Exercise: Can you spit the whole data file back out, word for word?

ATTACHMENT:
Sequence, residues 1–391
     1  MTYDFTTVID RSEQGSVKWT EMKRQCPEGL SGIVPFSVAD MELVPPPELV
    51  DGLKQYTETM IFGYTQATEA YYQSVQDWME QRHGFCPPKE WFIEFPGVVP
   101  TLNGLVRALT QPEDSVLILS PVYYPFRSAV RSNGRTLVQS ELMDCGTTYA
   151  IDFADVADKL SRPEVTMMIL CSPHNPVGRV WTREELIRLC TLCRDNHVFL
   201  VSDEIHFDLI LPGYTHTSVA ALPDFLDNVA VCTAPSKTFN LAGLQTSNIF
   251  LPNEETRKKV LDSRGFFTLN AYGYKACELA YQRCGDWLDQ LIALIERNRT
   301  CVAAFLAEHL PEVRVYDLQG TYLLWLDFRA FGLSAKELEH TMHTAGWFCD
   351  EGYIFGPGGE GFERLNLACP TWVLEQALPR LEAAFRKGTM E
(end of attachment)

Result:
Sequence, residues 1–391
     1  MTYDFTTVID RSEQGSVKWT EMKRQCPEGL SGIVPFSVAD MELVPPPELV
    51  DGLKQYTETM IFGYTQATEA YYQSVQDWME QRHGFCPPKE WFIEFPGVVP
   101  TLNGLVRALT QPEDSVLILS PVYYPFRSAV RSNGRTLVQS ELMDCGTTYA
   151  IDFADVADKL SRPEVTMMIL CSPHNPVGRV WTREELIRLC TLCRDNHVFL
   201  VSDEIHFDLI LPGYTHTSVA ALPDFLDNVA VCTAPSKTFN LAGLQTSNIF
   251  LPNEETRKKV LDSRGFFTLN AYGYKACELA YQRCGDWLDQ LIALIERNRT
   301  CVAAFLAEHL PEVRVYDLQG TYLLWLDFRA FGLSAKELEH TMHTAGWFCD
   351  EGYIFGPGGE GFERLNLACP TWVLEQALPR LEAAFRKGTM E